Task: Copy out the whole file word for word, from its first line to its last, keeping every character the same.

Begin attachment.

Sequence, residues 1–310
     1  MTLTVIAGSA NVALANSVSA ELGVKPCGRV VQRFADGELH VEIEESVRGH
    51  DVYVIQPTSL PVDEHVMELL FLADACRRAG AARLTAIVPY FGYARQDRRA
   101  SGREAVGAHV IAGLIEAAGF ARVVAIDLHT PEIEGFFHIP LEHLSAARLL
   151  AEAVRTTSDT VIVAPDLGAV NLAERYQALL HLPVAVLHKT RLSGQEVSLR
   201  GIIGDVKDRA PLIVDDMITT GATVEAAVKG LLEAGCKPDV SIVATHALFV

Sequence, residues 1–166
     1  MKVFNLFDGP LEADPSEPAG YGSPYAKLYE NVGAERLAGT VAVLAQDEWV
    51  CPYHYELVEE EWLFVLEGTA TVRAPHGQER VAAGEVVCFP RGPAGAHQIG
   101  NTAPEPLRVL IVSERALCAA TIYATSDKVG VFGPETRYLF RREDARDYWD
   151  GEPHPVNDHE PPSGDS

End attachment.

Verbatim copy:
Sequence, residues 1–310
     1  MTLTVIAGSA NVALANSVSA ELGVKPCGRV VQRFADGELH VEIEESVRGH
    51  DVYVIQPTSL PVDEHVMELL FLADACRRAG AARLTAIVPY FGYARQDRRA
   101  SGREAVGAHV IAGLIEAAGF ARVVAIDLHT PEIEGFFHIP LEHLSAARLL
   151  AEAVRTTSDT VIVAPDLGAV NLAERYQALL HLPVAVLHKT RLSGQEVSLR
   201  GIIGDVKDRA PLIVDDMITT GATVEAAVKG LLEAGCKPDV SIVATHALFV

Sequence, residues 1–166
     1  MKVFNLFDGP LEADPSEPAG YGSPYAKLYE NVGAERLAGT VAVLAQDEWV
    51  CPYHYELVEE EWLFVLEGTA TVRAPHGQER VAAGEVVCFP RGPAGAHQIG
   101  NTAPEPLRVL IVSERALCAA TIYATSDKVG VFGPETRYLF RREDARDYWD
   151  GEPHPVNDHE PPSGDS